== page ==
(I was going to hold this until after class, but it came in about 200 words short, so I'll have to use one of my others.)
Sometimes, all a theatregoer wants is a pleasant evening. No overwhelming amazements or atrocities, just a night of smiles and simplicity. For those occasions, The 39 Steps, currently playing at the Critereon, will undoubtedly satisfy such desires.
Based on the novel and subsequent Hitchcock movie of the same name, The 39 Steps presents a man's flirtation with espionage in 1935 after meeting an attractive young lady at a pallid West End entertainment. Our hero, Richard Hannay (played by Mr. Robert Portal), takes said lady home, she gets murdered, he gets blamed and goes up to Scotland to track down the mysterious organisation responsible.
While the story sounds like serious fare (and indeed it originally was), Patrick Barlow's adaptation renders it with a comedic, rather than psychological touch. Relying upon the traditions of mild-mannered farce, all of the expected cliches are present, with Scottish and German accents used to obscure simple words, non-violent slapstick, silly place names, etc. While this sort of fare was commonplace and reviled by critics in the 1950s, modern audiences view it as quaint material deserving of an Olivier and a New York transfer. How appropriate, then, that it is housed in the Criterion, a beautifully traditional venue full of charm and historical curiosity, and one where the cast can indulge the rare West End occurrence of performing free without microphones.
All of the side characters (claimed as 150 by the adverts, though realistically much lower) are played by Mssrs. Jimmy Chisholm and Simon Gregor, the latter spending much of his stage time in drag. The three main female characters, played by Ms. Rachel Pickup, are all hard-boiled bombshells ready to supply us with predictable plot-advancing romance. While the cast slip in and out of their roles at ease (sometimes even mid-sentence), manipulate an overwhelming number of set dressing and props, and exude professionalism, there was a lack of excitement surrounding the performance I saw, as if everybody was merely running the lines while waiting for a new job to come along.
This isn't to say that the play is bad. It's perfectly enjoyable, and I was never bored during the evening. The jokes are wide enough to be appreciated by those with no knowledge of Hitchcock's film (though a familiarity, even reading the Wikipedia entry helps), and the pacing never falters over the 105 minute runtime, though the presence of an interval is questionable. Clearly the producers are trying to offset thankfully lower than average ticket prices (£42.50 top) with ice cream sales, and the cheerful audience members I saw were more than happy to assist. At the risk of upsetting local readers, it's all so stereotypically English: middle-class friendly, inoffensive, and capable of delivering lots of smirks, but few large laughs.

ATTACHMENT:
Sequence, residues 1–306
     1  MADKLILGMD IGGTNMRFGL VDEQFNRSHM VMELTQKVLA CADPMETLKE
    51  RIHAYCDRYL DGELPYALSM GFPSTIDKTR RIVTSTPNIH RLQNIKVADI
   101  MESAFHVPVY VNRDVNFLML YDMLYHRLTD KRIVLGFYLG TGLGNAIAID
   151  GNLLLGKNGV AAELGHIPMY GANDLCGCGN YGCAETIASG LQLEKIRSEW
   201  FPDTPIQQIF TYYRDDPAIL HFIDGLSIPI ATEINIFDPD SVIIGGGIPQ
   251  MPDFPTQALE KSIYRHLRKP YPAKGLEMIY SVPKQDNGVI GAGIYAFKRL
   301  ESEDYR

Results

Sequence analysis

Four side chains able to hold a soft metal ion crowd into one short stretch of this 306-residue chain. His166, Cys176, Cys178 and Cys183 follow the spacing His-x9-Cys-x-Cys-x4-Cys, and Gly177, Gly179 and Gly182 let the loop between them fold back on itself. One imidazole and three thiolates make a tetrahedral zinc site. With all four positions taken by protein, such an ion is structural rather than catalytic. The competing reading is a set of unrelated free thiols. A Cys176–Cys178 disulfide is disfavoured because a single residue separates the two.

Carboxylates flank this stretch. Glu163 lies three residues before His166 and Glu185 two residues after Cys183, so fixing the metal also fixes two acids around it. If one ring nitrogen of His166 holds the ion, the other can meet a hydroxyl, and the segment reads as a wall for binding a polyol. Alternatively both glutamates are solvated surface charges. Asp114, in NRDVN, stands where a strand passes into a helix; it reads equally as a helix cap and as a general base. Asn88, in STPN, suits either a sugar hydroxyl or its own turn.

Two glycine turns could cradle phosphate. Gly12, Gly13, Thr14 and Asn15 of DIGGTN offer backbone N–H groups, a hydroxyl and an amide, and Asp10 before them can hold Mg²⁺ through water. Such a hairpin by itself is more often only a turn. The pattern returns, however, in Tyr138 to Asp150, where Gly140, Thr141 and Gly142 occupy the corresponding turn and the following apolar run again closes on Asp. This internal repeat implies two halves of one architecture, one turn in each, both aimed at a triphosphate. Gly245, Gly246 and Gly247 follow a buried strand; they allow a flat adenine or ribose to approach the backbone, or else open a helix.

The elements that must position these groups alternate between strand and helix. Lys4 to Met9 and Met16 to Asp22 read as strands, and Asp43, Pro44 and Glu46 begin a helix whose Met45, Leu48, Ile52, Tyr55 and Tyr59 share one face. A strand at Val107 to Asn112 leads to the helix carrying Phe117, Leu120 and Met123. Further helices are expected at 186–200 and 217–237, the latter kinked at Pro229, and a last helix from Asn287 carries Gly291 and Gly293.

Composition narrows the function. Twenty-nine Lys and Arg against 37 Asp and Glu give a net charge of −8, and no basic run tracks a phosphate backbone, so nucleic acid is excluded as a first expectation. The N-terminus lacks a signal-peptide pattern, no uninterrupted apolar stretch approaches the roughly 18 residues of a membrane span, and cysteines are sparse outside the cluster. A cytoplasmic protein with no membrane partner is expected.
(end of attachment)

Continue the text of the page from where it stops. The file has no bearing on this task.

Where: Criterion Theatre
When: Open run, most nights at 8PM.
Concessions: £12 tickets for the usual groups, available 60 min. prior to curtain for same day only.
RZ unofficial "worth paying": £10. It's fun, but forgettable. Good if mum's in town and you want something safe with local flavour to take her to. Because the theatre is underground, there are an unusually large number of restricted view seats due to support pillars. Check Theatre Monkey for details.
RZ other notes: I wish I'd taken notes during this one. Normally I don't, as I find it distracts me from the show and tips my opinion towards the negative, but I couldn't recall many details while doing the writeup despite having a big grin on my face and finding the entire show thoroughly pleasant...just not impressively so. The real gem for the evening, in my opinion, was walking around the Criterion, which is a beautiful Victorian theatre with lovely lobby areas, drawings of historical men in evening dress on the walls, and restrooms with broken hand driers.